Foucault's Archeology

From Critical Practice Chelsea
Jump to: navigation, search

With regards to documentary practice - seen notes on Andrew Cheshire's thesis

One of the tenets of Foucault's archaeolgoical method is that a discursive formation, being a field of statements which construct their own object and do so in various ways, cannot be identified on the basis of a common and independent object--what Foucault glosses as an 'horizon of inexhaustible ideality'. (as quoted in AC, DISW, 2) For example, the discourses that concern Foucault, which might broadly be termed the human sciences, include psychopathology, in relation to which he writes that 'the unitary of the object of madness does not enable one to individualise a group of statements and to establish between them a relation that is both constant and describable. (as quoted in AC, DISW, 3) There are two reasons for this. Firstly, "madness" does not proceed but is constituted by the statements that name it. Secondly, the way it is constituted varies in different areas of psychopathology and changes over time. Foucault's precept is therefore that the object, which it is the preoccupation of a discourse to represent, whee that object is mental illness or the historical work, is itself an historical construct with no fixed identity. So, just as Foucualt claimed different areas of psychopathological discourse did, so each mode of documentary might well be viwed as having constituted its object and worked on it to the point of transforming it altogether. (AC, DISW 3)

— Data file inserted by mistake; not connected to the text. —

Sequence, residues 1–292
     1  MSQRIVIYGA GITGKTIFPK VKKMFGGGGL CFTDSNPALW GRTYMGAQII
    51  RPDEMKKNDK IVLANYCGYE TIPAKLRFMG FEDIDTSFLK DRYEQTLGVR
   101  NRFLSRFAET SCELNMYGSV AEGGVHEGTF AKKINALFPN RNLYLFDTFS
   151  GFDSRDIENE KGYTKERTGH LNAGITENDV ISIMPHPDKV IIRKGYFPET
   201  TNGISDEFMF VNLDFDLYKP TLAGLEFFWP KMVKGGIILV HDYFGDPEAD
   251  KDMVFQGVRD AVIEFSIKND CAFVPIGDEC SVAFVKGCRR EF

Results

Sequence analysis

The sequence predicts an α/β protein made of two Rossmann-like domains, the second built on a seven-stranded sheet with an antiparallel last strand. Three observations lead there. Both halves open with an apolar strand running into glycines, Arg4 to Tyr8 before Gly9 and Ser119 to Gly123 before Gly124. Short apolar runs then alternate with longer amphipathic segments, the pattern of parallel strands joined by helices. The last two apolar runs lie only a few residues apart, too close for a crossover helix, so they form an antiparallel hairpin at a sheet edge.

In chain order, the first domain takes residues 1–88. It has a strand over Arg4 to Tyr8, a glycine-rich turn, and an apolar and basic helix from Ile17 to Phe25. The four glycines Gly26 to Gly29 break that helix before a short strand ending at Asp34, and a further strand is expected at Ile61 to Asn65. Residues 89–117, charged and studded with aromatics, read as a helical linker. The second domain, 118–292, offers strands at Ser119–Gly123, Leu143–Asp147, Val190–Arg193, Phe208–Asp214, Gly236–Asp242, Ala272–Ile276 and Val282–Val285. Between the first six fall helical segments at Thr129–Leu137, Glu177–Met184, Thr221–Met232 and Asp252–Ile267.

Return to Practice Literature